While Anton Chekhov’s influence on Katherine Mansfield is widely acknowledged, the two writers’ settler colonial aesthetics have not been brought into systematic comparison. Yet Chekhov’s chronicle of Sakhalin Island in the Russian Far East parallels in important ways Mansfield’s near-contemporaneous account of colonial life in New Zealand. Both writers were concerned with a specific variant of the colonial situation: settler colonialism, which prioritises appropriation of land over the governance of peoples. This essay considers the aesthetic strategies each writer developed for capturing that milieu in their travel writings within the framework of the settler colonial aesthetics that has guided much anthropological engagement with endangered peoples.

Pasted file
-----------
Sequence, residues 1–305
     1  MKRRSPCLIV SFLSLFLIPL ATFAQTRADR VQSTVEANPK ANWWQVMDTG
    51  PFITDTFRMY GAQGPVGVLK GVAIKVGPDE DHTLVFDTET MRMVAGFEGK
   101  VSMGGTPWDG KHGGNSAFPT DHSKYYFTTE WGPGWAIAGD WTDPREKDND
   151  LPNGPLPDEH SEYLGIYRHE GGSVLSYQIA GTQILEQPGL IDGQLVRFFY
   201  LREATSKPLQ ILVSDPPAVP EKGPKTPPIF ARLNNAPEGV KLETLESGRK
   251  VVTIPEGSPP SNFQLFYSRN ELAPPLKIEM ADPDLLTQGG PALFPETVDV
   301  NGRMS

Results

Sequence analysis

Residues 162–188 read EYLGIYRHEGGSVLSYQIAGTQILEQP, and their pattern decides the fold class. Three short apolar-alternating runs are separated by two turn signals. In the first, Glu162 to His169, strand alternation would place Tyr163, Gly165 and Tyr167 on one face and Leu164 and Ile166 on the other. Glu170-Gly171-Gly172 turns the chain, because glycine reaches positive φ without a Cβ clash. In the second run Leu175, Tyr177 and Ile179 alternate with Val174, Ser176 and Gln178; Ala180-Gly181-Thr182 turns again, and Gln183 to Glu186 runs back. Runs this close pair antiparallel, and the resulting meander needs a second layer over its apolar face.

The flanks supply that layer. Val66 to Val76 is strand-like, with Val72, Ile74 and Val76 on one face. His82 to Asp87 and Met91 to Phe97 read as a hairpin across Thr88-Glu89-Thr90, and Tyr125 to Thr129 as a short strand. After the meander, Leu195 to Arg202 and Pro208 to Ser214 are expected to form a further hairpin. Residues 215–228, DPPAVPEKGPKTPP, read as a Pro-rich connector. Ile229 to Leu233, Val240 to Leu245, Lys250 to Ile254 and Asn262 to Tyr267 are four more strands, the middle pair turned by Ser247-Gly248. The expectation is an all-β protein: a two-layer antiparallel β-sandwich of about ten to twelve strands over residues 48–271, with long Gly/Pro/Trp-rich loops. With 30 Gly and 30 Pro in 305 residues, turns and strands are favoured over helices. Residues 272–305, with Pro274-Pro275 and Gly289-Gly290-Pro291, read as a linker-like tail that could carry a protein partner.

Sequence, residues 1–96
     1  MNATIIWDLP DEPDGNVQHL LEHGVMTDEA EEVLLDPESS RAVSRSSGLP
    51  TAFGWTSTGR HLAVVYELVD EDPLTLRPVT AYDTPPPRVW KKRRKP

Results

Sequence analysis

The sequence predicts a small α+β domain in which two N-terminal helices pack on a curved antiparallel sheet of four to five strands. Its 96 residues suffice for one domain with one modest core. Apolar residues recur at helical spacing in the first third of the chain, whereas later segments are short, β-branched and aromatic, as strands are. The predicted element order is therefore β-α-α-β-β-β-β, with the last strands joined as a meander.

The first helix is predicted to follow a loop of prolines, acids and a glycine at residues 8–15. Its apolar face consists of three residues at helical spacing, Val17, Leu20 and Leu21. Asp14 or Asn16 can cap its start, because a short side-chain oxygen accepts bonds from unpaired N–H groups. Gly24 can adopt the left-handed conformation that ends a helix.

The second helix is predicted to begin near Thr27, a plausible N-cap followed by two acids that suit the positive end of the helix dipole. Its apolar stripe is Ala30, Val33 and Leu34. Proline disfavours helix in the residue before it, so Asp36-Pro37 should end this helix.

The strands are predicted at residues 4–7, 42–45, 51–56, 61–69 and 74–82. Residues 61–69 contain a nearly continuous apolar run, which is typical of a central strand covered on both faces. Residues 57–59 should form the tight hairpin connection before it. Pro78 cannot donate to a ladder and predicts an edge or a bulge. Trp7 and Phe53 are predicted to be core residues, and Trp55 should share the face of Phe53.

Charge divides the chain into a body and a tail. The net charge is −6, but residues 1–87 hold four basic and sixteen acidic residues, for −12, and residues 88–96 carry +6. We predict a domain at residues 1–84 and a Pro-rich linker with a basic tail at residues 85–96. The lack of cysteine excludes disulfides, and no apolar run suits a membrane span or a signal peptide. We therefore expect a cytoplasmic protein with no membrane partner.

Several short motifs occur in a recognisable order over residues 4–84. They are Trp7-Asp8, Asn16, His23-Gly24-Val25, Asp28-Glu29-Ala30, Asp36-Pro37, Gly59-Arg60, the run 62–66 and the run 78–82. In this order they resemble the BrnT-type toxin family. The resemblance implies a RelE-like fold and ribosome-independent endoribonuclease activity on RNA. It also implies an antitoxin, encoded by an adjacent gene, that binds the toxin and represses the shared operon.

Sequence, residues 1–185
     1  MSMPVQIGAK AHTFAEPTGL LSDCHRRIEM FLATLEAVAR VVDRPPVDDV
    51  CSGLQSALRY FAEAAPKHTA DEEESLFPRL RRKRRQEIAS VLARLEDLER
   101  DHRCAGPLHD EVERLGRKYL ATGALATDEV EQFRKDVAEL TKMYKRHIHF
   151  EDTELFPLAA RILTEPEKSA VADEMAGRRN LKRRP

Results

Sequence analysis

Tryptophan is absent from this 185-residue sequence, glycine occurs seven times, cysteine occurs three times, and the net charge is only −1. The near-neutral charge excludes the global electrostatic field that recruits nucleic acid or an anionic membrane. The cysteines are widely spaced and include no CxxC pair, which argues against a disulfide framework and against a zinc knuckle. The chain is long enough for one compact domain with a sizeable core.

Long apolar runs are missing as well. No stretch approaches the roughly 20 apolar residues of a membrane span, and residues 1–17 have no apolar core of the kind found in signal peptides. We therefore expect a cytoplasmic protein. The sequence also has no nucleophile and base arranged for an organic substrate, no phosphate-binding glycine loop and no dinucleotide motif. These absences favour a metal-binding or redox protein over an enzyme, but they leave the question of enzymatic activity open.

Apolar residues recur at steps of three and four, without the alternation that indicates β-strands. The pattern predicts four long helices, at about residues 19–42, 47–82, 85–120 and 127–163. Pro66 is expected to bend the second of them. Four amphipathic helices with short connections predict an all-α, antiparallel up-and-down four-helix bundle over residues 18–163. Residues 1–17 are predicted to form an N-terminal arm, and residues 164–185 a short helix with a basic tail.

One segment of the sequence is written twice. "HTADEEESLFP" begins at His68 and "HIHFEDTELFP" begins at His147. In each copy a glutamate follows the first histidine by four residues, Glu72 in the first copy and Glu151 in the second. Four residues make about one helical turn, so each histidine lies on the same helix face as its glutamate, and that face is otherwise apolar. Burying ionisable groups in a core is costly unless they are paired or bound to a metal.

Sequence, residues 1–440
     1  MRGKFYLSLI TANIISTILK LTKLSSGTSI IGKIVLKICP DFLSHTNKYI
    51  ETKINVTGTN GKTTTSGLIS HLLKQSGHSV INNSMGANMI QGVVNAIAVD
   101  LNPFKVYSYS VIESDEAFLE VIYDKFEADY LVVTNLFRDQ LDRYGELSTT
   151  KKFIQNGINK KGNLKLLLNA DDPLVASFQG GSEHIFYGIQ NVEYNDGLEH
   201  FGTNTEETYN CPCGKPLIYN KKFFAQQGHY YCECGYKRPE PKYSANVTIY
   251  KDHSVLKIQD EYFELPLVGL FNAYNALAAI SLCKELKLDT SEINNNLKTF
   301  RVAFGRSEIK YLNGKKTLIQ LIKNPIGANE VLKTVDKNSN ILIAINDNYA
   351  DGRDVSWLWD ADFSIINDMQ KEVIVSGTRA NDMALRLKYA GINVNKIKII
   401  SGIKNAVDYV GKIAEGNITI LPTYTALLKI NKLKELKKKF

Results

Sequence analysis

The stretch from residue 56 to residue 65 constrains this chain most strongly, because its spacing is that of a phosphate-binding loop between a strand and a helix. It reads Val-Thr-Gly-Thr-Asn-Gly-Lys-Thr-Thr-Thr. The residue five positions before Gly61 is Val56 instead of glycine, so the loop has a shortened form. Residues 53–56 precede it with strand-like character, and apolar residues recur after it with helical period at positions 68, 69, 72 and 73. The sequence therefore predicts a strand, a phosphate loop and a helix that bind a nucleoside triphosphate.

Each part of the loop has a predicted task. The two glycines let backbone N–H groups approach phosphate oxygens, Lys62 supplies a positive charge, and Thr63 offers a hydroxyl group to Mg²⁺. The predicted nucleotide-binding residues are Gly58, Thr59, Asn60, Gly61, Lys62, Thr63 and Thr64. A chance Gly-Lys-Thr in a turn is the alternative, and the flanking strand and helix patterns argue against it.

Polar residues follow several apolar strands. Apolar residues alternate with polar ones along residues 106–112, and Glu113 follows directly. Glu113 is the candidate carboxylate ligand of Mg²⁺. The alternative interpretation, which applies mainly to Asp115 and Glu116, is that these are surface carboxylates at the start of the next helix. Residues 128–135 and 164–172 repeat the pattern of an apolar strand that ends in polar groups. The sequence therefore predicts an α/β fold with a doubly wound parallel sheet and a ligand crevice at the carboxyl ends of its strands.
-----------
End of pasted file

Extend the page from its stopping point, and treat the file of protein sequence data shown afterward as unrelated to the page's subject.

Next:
|Journal of Postcolonial Writing
|Early online date
|4 Oct 2018
|E-pub ahead of print - 4 Oct 2018